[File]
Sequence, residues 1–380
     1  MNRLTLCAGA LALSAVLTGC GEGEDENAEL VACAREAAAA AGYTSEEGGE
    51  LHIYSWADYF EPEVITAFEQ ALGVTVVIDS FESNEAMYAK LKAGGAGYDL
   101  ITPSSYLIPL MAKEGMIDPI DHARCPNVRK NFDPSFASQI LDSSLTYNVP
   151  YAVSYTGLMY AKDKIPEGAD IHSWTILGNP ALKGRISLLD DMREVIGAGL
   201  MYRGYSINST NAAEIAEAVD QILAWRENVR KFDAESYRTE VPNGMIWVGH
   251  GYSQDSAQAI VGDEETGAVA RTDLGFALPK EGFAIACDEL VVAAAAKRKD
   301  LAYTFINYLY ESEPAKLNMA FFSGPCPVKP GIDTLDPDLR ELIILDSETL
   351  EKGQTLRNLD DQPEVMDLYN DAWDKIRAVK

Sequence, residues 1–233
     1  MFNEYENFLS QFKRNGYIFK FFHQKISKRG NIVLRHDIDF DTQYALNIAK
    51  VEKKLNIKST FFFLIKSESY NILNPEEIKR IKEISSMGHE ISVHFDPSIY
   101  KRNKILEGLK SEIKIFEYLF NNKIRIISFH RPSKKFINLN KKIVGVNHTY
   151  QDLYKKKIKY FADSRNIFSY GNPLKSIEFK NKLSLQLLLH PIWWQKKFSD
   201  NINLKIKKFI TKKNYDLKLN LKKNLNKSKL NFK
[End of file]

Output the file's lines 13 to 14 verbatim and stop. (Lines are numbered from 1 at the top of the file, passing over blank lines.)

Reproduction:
   101  KRNKILEGLK SEIKIFEYLF NNKIRIISFH RPSKKFINLN KKIVGVNHTY
   151  QDLYKKKIKY FADSRNIFSY GNPLKSIEFK NKLSLQLLLH PIWWQKKFSD